Several hundred people gathered Tuesday night in east Columbus to protest a Missouri grand jury’s decision not to indict police officer Darren Wilson for shooting and killing Michael Brown in the St. Louis suburb of Ferguson.
Work Requirement For Food Stamps Draws Ire Of Two Lawmakers
Listen to the Story
Starting at the beginning of next year, more than 134,000 Ohioans will lose their food stamps unless they meet certain work or training requirements. This affects childless adults ages 18 to 50 who are not disabled.
Democrats in the Ohio House and Senate demand a waiver for these requirements urging that there are too many people in the state who donâ€™t have enough food to eat.
The requirements call on Ohioans to either work or participate in job training 20 hours a week. This has been the norm since the mid-90â€™s but a waiver was created to help those hardest hit by unemployment and the recession.
Gov. John Kasich has decided to allow that waiver to expire without renewal â€“ except in 16 counties. The administration says these counties, mostly Appalachian, are areas that are struggling the most.
Democratic Senator Charleta Tavares of Columbus says thatâ€™s not fair to the rest of the state and those who rely on the Supplemental Nutrition Assistance Program, also known as SNAP.
â€œTo say that 16 countiesâ€™ residents have the opportunity to continue to receive SNAP benefits and 72 countiesâ€”your largest countiesâ€™ residents cannotâ€”how can we say we are being fair and just and right and equitable for all of Ohioâ€™s citizens,â€ says Tavares.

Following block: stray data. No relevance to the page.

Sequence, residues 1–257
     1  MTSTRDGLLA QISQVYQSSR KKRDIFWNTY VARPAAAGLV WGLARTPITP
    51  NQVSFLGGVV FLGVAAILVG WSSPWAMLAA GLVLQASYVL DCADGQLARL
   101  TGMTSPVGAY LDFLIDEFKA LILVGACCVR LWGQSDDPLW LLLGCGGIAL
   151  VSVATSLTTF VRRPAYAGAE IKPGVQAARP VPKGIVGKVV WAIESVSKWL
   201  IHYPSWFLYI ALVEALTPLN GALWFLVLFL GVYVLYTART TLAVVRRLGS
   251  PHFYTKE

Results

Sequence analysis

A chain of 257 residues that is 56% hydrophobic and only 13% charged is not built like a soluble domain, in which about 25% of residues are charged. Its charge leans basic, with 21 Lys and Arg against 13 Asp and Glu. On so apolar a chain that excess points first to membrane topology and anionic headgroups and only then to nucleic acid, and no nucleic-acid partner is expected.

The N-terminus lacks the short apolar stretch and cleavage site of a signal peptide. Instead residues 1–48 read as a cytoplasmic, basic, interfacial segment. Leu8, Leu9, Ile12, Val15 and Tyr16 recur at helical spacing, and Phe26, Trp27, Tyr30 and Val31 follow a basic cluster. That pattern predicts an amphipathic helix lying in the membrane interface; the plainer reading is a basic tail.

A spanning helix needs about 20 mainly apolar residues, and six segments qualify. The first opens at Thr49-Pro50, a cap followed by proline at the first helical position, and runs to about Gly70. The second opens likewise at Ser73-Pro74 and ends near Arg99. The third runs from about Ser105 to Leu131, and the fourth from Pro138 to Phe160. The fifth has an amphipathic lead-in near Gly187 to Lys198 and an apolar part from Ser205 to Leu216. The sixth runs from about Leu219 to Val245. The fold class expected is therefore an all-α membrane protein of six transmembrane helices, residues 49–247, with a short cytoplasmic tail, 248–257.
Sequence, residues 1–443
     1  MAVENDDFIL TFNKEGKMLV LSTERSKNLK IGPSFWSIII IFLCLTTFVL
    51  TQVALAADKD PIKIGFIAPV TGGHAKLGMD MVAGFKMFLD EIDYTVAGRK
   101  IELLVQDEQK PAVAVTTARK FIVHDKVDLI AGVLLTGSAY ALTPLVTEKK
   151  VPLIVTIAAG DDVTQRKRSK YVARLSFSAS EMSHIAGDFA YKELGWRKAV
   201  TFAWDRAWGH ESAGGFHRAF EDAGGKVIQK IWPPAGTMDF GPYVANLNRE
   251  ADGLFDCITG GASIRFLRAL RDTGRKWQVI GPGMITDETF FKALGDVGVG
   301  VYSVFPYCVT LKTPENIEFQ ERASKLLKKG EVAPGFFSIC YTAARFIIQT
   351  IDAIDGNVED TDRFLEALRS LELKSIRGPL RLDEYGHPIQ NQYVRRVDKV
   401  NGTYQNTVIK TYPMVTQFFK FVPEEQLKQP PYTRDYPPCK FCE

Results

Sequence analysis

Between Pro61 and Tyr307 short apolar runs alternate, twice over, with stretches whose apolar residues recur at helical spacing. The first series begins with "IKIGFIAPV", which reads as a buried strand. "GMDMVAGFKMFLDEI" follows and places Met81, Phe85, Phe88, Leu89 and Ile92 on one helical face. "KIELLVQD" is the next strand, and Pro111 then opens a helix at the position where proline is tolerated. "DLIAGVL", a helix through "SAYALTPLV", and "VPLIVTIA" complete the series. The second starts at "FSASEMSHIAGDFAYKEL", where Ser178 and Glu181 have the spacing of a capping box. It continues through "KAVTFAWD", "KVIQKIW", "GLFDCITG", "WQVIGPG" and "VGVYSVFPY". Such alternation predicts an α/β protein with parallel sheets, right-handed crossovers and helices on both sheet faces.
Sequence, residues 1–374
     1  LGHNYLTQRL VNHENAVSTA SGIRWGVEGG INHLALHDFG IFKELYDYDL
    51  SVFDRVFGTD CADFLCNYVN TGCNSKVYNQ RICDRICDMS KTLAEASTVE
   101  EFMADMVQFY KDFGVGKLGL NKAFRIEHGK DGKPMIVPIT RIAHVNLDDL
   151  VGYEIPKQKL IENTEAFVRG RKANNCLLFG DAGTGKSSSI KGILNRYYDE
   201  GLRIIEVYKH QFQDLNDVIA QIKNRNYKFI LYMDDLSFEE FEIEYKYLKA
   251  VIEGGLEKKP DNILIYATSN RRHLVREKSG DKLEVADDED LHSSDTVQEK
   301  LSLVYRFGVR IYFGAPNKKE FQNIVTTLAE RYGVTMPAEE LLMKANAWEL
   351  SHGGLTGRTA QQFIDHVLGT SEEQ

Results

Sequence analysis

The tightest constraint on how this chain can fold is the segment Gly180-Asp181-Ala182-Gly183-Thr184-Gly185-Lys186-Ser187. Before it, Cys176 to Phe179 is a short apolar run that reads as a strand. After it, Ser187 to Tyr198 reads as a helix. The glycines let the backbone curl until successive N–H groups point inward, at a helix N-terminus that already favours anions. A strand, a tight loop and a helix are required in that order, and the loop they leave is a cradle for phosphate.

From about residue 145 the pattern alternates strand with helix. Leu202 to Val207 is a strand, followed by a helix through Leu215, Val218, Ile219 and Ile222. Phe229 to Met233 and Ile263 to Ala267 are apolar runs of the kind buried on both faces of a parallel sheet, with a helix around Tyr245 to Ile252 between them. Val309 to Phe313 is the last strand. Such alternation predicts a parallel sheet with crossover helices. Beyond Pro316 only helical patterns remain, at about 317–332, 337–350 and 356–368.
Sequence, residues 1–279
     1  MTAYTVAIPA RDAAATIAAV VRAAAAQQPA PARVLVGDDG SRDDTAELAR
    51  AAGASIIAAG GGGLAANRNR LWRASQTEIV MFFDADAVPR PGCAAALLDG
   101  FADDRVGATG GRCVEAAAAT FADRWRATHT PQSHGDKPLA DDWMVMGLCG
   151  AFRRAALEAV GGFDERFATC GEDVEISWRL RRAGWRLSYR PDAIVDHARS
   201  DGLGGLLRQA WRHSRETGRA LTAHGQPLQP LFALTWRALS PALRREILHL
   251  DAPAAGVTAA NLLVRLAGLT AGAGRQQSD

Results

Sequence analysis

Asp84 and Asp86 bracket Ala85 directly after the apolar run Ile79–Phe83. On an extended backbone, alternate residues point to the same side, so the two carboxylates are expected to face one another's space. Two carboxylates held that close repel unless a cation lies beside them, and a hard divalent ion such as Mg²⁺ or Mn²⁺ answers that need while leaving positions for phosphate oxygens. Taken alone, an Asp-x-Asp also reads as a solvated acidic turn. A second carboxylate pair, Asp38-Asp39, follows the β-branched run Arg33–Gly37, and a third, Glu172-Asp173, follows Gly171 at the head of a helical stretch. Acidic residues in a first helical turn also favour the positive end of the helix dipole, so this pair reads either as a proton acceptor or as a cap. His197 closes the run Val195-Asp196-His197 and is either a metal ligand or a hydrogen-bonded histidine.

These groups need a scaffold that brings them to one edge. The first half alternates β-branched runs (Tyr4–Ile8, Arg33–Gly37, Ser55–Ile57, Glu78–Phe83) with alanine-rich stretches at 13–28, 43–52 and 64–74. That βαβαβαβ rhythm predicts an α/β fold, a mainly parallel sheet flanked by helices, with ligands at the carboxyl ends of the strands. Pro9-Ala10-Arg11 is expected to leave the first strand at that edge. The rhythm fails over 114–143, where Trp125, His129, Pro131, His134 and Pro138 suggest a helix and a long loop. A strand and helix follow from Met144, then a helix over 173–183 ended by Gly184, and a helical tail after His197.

Ben Johnson is spokesperson for Ohioâ€™s job and family services department. He says every state had a decision to make about whether or not work requirements should be reinstated.
â€œThere were some states that turned the waiver off statewideâ€”there were some states that left the waiver in place statewideâ€”and we wanted to be a little more strategic than that,” says Johnson. “We wanted to be cognizant of the fact that there are some parts of the state where unemployment is still high but we also wanted to begin providing job training and work activities in parts of the state where the economy is recovering just as we did before the recession.â€
Johnson adds that the state is not saving money by this move. In fact, the state is spending $8.9 million to help counties transition back to these work requirements to help get Ohioans back on track.
Lisa Hamler-Fugitt with the Ohio Association of Foodbanks says she has no problems with work requirements but there comes a time when you have to ask if the recipientsâ€™ employment is sustainable or just for the assistance.
â€œPeople want to workâ€”letâ€™s be really clear about thatâ€”but there are three jobseekers for every one job opening. And I know this populationâ€”we have worked this population since welfare reformâ€”they are placed in foodbanks, food pantries, and soup kitchensâ€”working on their benefits. Okay. Working for their benefits. Not on a path to paid employment,â€ says Hamler-Fugitt.
Johnson says there are many options available to those in danger of losing their food assistance. According to Johnson, even if someone canâ€™t find a job there are still a variety of job training programs out there depending on the county.
But Senator Tavares and Democratic Representative Dan Ramos plan to introduce similar legislation that seeks a waiver of work requirements for all 88 counties in Ohio.
Andy Chow at the Ohio Public Radio Statehouse News Bureau.